The depletion of forested wetlands is a pressing environmental concern, but has wetland depletion and conversion to agricultural cropland been excessive? A dynamic analysis of resource exploitation in the presence of environmental consequences is required. The structure and parameters of a model of socially optimal wetland use are found to bear a well-defined relationship to those which emerge from a private-market model of wetland exploitation, providing a basis for internalizing environmental externalities and for identifying optimal resource-exploitation strategies. Empirical analysis focuses on the area of severest wetland losses in the United States, the Lower Mississippi Alluvial Plain.
By affecting relative economic returns, public infrastructure investments can induce major changes in private land use. We find that 30 percent of forested wetland depletion in the Mississippi Valley has resulted from private decisions induced by federal flood-control projects, despite explicit federal policy to preserve wetlands. Our model aggregates individual land-use decisions using a parametric distribution of unobserved land quality; dynamic simulations are used to quantify the impacts on wetlands of federal projects and other factors.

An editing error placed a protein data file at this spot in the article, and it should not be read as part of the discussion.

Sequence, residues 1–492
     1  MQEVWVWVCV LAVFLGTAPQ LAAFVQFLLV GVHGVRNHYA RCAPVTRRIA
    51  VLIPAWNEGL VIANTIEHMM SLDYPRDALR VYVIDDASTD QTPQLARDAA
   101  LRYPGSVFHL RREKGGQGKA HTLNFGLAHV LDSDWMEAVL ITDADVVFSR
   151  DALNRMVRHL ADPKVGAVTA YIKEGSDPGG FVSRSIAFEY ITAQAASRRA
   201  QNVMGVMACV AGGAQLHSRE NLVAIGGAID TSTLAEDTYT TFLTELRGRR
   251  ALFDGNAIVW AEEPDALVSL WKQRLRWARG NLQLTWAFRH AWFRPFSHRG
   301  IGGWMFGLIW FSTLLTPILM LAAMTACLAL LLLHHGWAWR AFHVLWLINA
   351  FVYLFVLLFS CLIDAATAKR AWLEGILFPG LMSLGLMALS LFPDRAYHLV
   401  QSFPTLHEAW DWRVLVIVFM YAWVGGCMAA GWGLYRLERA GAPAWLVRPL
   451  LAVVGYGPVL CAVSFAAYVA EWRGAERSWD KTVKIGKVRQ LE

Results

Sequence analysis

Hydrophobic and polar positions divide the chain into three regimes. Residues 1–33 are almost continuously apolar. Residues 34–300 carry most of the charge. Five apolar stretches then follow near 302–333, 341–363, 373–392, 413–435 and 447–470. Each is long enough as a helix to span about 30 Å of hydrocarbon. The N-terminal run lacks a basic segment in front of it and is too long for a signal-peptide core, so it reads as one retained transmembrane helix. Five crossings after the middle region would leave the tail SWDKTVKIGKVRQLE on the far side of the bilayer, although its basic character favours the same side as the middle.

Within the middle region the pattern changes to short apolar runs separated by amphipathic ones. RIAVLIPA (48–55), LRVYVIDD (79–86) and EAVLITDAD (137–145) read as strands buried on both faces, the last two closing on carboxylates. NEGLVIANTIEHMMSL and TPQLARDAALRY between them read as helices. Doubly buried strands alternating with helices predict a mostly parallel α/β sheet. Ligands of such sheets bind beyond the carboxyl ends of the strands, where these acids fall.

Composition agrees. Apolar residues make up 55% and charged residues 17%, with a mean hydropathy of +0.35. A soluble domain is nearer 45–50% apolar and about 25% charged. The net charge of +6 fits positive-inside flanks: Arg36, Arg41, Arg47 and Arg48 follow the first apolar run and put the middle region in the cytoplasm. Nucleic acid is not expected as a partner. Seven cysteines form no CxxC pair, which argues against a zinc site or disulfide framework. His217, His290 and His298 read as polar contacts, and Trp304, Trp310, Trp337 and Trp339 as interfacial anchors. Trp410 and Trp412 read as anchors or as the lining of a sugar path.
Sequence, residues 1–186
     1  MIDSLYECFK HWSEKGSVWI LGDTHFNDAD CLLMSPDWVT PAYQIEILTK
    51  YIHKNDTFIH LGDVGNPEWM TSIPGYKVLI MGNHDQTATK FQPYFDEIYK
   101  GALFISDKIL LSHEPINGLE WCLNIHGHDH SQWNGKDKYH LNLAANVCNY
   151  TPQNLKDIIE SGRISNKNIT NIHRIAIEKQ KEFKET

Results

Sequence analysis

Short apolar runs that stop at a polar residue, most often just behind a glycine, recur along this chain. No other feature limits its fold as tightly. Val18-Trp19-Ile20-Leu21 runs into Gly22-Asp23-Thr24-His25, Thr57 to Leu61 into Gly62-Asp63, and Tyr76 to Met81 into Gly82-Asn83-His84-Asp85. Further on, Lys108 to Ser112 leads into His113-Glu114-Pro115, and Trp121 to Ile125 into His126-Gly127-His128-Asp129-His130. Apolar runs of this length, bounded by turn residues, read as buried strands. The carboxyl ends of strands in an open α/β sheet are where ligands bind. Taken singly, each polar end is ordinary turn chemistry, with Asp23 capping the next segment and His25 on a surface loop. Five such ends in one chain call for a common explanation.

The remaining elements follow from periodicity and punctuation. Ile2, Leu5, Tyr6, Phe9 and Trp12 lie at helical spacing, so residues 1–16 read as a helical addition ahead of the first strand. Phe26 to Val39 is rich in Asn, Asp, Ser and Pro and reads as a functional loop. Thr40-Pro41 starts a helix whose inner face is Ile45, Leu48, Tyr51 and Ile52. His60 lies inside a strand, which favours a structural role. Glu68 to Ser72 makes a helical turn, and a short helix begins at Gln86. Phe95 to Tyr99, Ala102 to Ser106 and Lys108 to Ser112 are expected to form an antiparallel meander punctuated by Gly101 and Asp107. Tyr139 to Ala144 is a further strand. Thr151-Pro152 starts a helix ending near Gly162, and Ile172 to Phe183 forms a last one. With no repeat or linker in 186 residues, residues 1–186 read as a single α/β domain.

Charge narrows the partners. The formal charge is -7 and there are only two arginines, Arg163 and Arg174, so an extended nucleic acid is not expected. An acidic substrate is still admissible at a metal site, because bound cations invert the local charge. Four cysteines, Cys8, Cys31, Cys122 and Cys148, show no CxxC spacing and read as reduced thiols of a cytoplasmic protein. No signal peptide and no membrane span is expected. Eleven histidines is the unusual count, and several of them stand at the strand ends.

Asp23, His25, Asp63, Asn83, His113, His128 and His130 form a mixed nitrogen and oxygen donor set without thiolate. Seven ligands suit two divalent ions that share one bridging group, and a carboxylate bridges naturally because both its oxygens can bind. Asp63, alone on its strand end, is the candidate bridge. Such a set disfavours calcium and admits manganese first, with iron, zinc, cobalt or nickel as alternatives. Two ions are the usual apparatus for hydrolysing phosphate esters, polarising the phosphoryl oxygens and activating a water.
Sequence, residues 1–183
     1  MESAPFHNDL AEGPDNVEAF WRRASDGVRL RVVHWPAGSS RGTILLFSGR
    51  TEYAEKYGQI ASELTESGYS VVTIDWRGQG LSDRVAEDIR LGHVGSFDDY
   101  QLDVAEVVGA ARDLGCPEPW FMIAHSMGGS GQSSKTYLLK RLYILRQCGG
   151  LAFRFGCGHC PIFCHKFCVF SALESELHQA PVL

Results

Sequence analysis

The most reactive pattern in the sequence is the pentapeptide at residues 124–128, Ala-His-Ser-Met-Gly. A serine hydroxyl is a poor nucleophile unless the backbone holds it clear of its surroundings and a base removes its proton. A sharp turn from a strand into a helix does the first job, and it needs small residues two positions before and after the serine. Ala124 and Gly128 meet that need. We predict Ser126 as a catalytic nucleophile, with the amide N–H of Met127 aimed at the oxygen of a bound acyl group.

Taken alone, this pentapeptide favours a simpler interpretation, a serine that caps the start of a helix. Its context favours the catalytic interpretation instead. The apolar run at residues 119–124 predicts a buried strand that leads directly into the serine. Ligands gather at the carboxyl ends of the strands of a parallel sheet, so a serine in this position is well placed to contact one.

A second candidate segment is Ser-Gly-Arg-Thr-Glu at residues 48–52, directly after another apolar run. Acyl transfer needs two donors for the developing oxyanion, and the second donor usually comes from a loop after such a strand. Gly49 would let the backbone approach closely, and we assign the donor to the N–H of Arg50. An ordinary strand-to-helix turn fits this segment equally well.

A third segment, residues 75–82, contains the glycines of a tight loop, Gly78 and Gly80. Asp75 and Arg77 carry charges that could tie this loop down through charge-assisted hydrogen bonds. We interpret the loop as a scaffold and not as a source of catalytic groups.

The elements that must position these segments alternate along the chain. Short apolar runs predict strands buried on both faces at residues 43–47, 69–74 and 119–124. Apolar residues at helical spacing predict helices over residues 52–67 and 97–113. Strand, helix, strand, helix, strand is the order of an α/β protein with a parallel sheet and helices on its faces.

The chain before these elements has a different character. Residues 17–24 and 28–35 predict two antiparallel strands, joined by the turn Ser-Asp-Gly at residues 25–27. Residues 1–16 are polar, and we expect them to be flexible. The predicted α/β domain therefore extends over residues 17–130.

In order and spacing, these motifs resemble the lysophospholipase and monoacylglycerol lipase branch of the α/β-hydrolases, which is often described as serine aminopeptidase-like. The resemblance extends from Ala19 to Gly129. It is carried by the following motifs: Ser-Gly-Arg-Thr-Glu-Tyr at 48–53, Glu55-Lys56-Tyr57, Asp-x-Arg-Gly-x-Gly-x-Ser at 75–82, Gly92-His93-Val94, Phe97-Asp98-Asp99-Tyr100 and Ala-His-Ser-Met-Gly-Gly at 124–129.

This paper documents an analysis of English demographic change over the period 1573–1873. A simultaneous equations model is developed in order to test four alternative demographic theories—the constant equilibrium wage theory, the constant fertility theory, Lee's original (1973) synthesis theory, and a new, composite theory. Each is a special case of a general demographic model which provides both for exogenous technological change and for endogenous migration behavior. Two-stage least-squares estimation yields parameter estimates and test statistics, which provide evidence of the superiority of the composite theory of demographic change. By statistically affirming the composite theory of demographic change, this paper confirms that the mortality level played a dominant role in English demographic change during the preindustrial period. The analysis also provides support, however, for the classical notion that shifts in the labor demand function were a dominant cause of long-run population changes, subsequent to the beginning of British industrialization.